Teaching Earth Science with Children’s Literature: Our Seasons

Exploring the seasons is a very simple way to teach earth science to elementary school students.  Our Seasons, written by Grace Lin and Ranida T. McKneally, shows four young children experiencing the joys of each season while answering basic scientific questions about how the seasons affect weather, plants, and people.   The book answers the question “why do we have seasons?” in a very accessible and kid-friendly way, and offers a helpful illustration showing the rotation of the earth around the sun.  From this starting point, each of the following pages features lovely illustrations of the children enjoying the seasons and their natural phenomena, accompanied by seasonal haikus.  For example, in the cold autumn air, “Ki-Ki sees her breath./She pretends she’s a dragon/Blowing out hot steam.”  The text then answers the question, “Why do I see my breath?”  Other pages offer more fun illustrations, haiku, and seasonal questions and answers; for example: Why is there frost on the windows?  What makes a thunderstorm?  Why is the air sticky?  Parents will be very familiar with these often-asked questions, and they are charmingly answered here.  The book concludes with the question, “Does everyone have four seasons?,” and the authors explain that some regions of the world have only two, and even at the North or South Pole, you have a light season and a dark season, though both seasons are cold.  A glossary in the back provides helpful vocabulary for young readers.

Curriculum Connections
This picture book could be used to add more information to any earth science lesson focused upon the seasons and weather observations.  Kindergarten students learning about weather (K.8) or the different states of water (K.5) would certainly enjoy the pictures and an educator could simply conduct a picture walk through the book to talk about changes throughout the year.  Elementary students learning more about seasonal changes and their effects on weather phenomena (2.6, 3.8, 4.6) would enjoy this engaging book, and can see how seasonal change affects plants, people, and their surroundings (1.7, 2.7).  Fourth graders who are studying the motion of the Earth around the sun and the causes of the Earth’s seasons (4.7)  could utilize this as well.  Independent readers would enjoy this easy read, and it would be a good addition to the classroom library.  Educators could use the pictures and seasonal haiku as an inspired springboard for a science/language-arts activity.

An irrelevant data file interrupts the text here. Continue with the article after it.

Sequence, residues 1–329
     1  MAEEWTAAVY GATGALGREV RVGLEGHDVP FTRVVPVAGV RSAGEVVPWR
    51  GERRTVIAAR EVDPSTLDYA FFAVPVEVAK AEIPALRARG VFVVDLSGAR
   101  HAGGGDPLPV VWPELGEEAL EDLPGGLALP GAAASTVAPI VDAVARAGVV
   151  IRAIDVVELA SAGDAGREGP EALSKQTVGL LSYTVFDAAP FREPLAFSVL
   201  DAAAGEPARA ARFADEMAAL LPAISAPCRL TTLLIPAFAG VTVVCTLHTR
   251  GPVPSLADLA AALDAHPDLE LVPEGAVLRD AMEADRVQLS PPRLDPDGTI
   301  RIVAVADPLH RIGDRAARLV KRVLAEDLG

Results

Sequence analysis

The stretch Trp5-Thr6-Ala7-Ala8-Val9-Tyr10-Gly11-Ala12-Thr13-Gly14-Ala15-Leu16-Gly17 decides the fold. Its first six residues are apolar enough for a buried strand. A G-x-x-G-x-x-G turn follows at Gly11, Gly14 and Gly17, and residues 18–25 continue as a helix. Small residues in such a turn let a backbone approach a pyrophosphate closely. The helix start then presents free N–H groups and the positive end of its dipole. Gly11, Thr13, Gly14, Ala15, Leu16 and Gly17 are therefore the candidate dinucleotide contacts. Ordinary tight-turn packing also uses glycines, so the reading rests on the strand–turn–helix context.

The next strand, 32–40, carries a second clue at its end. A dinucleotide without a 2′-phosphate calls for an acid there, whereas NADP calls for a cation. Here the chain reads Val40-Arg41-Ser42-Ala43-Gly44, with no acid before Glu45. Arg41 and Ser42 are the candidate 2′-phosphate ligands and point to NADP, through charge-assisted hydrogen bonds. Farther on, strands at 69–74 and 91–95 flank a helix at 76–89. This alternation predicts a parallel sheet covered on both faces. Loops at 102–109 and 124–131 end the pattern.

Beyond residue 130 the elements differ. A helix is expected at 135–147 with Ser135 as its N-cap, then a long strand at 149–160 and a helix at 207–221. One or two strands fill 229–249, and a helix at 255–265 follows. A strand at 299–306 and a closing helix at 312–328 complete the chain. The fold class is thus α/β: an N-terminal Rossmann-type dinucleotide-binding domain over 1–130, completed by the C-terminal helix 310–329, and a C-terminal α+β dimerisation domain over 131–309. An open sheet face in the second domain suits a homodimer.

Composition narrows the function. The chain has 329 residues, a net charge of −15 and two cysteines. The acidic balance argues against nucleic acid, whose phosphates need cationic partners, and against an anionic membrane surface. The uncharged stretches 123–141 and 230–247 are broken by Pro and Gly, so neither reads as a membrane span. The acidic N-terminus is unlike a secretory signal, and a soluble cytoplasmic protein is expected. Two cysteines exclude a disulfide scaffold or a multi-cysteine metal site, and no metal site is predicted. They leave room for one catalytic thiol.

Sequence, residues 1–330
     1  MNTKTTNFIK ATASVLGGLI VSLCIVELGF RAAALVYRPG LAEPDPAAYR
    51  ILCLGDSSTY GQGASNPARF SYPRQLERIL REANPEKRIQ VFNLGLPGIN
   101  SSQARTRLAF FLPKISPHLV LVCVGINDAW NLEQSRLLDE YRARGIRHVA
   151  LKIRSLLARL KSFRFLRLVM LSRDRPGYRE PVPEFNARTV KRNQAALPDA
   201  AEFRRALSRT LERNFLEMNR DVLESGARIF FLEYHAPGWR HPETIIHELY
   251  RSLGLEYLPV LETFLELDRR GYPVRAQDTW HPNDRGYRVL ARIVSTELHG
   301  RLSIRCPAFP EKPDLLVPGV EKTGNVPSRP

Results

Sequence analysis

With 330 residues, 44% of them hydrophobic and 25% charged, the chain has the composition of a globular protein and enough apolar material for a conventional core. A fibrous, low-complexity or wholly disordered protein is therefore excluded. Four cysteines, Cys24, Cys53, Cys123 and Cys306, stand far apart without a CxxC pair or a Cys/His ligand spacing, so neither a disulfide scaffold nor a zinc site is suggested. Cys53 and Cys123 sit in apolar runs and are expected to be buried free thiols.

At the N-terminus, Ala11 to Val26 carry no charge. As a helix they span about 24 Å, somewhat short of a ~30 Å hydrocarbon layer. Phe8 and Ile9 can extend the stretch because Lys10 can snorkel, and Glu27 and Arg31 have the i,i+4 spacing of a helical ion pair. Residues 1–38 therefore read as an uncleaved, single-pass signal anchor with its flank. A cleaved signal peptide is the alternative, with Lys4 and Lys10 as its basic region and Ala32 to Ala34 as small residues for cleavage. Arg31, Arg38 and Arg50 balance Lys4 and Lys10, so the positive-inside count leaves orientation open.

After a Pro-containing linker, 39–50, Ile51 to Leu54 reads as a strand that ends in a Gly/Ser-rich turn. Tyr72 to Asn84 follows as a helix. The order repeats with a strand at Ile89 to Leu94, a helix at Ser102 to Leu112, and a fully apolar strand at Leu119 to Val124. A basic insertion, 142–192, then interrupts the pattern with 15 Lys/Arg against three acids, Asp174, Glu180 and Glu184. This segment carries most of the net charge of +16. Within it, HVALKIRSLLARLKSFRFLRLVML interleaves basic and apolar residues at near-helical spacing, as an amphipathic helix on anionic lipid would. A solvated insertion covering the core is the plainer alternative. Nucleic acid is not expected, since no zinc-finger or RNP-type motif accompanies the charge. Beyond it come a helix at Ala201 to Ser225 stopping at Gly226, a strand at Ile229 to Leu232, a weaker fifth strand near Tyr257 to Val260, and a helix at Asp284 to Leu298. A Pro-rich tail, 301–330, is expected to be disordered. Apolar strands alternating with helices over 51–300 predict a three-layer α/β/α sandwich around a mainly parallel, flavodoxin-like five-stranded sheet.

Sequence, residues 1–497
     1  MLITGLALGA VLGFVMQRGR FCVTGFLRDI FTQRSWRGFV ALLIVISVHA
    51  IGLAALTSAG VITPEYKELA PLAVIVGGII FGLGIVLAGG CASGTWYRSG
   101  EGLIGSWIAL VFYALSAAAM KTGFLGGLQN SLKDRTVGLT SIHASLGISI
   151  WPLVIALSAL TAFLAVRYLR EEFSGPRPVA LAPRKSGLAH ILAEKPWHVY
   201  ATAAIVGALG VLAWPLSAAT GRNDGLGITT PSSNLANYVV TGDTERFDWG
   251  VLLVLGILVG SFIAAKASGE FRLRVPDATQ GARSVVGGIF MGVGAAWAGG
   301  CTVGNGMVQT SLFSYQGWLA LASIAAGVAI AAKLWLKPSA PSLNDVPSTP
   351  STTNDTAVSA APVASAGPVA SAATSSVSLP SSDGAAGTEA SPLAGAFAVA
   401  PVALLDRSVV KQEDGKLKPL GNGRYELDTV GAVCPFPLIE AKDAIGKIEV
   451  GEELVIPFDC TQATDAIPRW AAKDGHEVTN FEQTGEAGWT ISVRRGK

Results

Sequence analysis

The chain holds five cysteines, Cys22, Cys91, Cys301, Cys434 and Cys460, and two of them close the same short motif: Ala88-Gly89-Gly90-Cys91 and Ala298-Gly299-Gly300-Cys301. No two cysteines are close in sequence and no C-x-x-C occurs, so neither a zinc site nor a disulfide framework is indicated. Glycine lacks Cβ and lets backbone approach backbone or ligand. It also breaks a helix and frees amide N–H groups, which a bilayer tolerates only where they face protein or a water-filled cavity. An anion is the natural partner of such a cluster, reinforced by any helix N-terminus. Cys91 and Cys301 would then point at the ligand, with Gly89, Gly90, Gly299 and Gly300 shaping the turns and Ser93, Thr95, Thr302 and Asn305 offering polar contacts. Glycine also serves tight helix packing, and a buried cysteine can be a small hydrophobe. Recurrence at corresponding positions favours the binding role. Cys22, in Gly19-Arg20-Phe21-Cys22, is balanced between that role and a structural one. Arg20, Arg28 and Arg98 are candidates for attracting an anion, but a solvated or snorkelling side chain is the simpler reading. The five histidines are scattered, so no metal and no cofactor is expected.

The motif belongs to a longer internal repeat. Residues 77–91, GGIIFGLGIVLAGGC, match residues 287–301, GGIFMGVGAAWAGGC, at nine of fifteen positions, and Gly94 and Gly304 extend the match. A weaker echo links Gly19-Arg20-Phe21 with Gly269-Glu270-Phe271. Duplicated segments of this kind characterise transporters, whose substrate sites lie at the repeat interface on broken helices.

Additional Resources

  • National Geographic’s Xpeditions: A Reason for the Season activities: Younger students can work as season sleuths over the course of the year as they draw pictures of a place in their yard or neighborhood on each of the solstices and equinoxes, recording observations about natural phenomena and noting activities that people enjoy during that time period.  Older students can investigate seasonal celebrations around the world and create their own celebrations using foods and flowers particular to each season.

  • Brain Pop:  Seasons:  This site provides fun information and animated videos about the seaons, the solstices and equinoxes, why birds seasonally migrate, and even offers a spotlight on winter and snow that offers hibernation information.

  • Not Just Cute’s blog post:  Vivaldi’s Four Seasons:  Don’t Just Listen, Get Up and Move!  (12/30/2009) – This blog site offers up many great ideas for preschoolers, but this lesson could certainly be adapted for any elementary grade level as it incorporates music and movement to talk about the seasons.  Many children have heard Vivaldi’s music before and this offers a great incentive to make a cross-curricular connection and can be extended into a visual art activity.

  • NASA Kids offers up two science activities to help explain the reason for the seasons and the role of water in each of the seasons. Their four seasons of water paper plate collage could easily be turned into a foldable activity.

  • The National Oceanic and Atmospheric Administration (NOAA)’s National Weather Service has links to help explain seasonal weather patterns such as hurricanes and tornadoes.

  • Traditional Japanese haiku poems must contain a kigo, a season word, to indicate in which season the haiku is set.  For a lesson plan on how to introduce haiku into a seasons lesson plan, the International Reading Association and the National Council of Teachers of English’s readthinkwrite website offers great tips on how to get your students writing.

General Information

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